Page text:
Castles, S., Haas, H. D., & Miller, M. J. (2014). Additional Case Studies 12.4 Minorities in Sweden. The Age of Migration: International Population Movements in the Modern World (5th edition). Retrieved from: http://www.age-of migration.com/ resources/ casestudies.html

Chiswick, B. R. (1991). Speaking, reading and earnings among low-skilled immigrants. Journal of Labor Economics 9:149-70.

Chiswick, B.R., & Miller, P.W. (1996). Ethnic networks and language proficiency among immigrants. Journal of Population Economics, 9(1), 19-35.

Delander, L., Hammarsted, M., Mansson, J., & Nyberg, E. (2005). Integration of Immigrants: The Role of Language Proficiency and Experience. Evaluation Review. 29(1). 24-41.

Forsé, M. (2004). Role and rise of social capital, in Flap, H. (ed.) Creation and Returns of Social Capital. London: Routledge, 254-75.

OECD (Miho Taguma, Moonhee Kim, Satya Brink and Janna Teltemann). (2010). OECD Reviews of Migrant Education: Sweden. Paris: OECD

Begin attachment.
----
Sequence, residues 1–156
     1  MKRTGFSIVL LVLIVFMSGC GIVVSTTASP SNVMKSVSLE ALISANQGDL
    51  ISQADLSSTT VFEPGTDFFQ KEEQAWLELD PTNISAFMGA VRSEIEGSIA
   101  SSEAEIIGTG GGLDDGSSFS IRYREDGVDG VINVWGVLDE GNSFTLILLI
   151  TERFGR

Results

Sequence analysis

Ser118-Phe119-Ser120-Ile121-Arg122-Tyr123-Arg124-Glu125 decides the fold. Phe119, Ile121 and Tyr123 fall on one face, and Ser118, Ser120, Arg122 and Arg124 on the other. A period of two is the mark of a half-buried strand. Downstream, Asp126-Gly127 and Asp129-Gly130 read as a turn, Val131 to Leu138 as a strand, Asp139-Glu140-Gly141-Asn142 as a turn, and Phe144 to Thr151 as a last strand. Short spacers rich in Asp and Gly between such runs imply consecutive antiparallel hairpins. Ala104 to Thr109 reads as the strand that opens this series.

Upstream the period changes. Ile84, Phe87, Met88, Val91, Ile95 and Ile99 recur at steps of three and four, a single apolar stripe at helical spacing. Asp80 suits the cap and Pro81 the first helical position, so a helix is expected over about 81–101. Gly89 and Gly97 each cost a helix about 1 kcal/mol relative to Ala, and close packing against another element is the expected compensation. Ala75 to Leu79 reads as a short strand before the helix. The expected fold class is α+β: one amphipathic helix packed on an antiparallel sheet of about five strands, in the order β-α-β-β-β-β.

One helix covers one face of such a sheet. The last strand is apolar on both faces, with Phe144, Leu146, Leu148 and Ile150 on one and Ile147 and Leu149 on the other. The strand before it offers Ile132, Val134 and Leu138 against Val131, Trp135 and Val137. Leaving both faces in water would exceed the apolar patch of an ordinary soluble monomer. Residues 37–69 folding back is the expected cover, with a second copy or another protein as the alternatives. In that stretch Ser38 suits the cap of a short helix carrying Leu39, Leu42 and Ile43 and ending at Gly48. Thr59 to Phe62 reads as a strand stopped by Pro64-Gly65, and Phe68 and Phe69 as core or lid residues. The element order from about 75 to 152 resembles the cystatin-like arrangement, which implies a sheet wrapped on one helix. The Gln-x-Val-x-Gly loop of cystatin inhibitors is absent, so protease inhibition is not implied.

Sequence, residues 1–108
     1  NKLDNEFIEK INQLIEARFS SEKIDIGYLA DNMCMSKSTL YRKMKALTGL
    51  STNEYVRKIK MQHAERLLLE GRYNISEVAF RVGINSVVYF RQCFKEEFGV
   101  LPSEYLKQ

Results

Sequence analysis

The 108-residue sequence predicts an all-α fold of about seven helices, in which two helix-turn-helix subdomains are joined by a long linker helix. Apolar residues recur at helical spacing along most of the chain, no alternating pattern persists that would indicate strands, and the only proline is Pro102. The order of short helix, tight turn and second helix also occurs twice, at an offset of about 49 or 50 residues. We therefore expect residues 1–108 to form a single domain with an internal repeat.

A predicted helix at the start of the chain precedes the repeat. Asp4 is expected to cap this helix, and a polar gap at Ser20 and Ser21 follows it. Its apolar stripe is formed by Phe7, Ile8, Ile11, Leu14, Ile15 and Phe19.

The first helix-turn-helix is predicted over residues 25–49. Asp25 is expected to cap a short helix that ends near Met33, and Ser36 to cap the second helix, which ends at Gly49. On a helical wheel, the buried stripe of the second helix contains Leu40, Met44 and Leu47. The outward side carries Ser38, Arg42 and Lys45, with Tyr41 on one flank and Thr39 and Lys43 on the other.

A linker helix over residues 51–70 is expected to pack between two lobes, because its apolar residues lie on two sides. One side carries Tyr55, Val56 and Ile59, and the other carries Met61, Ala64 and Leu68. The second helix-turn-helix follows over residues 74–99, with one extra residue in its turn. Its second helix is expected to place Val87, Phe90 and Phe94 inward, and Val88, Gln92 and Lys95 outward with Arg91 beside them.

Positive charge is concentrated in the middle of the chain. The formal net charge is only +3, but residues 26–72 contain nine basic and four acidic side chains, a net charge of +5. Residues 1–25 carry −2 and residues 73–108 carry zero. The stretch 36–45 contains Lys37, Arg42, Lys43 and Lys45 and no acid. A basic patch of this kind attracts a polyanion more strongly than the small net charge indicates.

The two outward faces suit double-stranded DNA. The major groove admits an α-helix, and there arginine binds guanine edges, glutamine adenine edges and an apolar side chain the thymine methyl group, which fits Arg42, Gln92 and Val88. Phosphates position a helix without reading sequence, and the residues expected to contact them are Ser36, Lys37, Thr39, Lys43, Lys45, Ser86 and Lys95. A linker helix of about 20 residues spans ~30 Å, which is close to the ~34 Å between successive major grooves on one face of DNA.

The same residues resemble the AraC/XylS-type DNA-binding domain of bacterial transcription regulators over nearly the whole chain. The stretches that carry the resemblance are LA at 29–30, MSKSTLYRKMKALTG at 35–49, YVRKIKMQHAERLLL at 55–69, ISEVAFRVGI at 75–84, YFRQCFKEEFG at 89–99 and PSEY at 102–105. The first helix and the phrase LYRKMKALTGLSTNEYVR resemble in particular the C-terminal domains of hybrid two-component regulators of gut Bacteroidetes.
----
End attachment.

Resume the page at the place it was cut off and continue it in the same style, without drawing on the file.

Olli, S, Å. (2005). Job Search Strategies and Wage Effects for Immigrants. Stockholm: Stockholm University.

Rydgren, J. (2006). Mechanism of Exclusion: Ethnic Discrimination in the Swedish Labor Market. Journal of Ethnic and Migration Studies. 30(4). 697-71.

Statistics Sweden (Statistiska centralbyrån: SCB) (n.d.). Retrieved December 3, 2015 from  http://www.scb.se/en_/

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United Invitations. (n.d.). Retrieved November 24, 2015 from:

http://www.unitedinvitations.org/

Valenta, M. & Bunar, N. (2010). State Assisted Integration: Refugee Integration Policies in Scandinavian Welfare States: the Swedish and Norwegian Experience. Journal of Refugee Studies. 23 (4), 463-483.

Wiesbrock, A. (2011). The Integration of Immigrants in Sweden: a Model for European Union? International Migration Vol, 49(4) 48-66.

[1] A foreign background is defined as those who were born abroad or who have parents born abroad.

[2] SFI is offered by the government and municipalities for foreigners who have resident permission in Sweden.

[3] Botkyrka is an area which has one of the highest concentrations of immigrants in Stockholm, a capital city of Sweden.

[4] The original data of this survey was cited from Mångfaldsbarometern by Mella and Palm (2012). However, I do not refer to the original text since it is written in Swedish.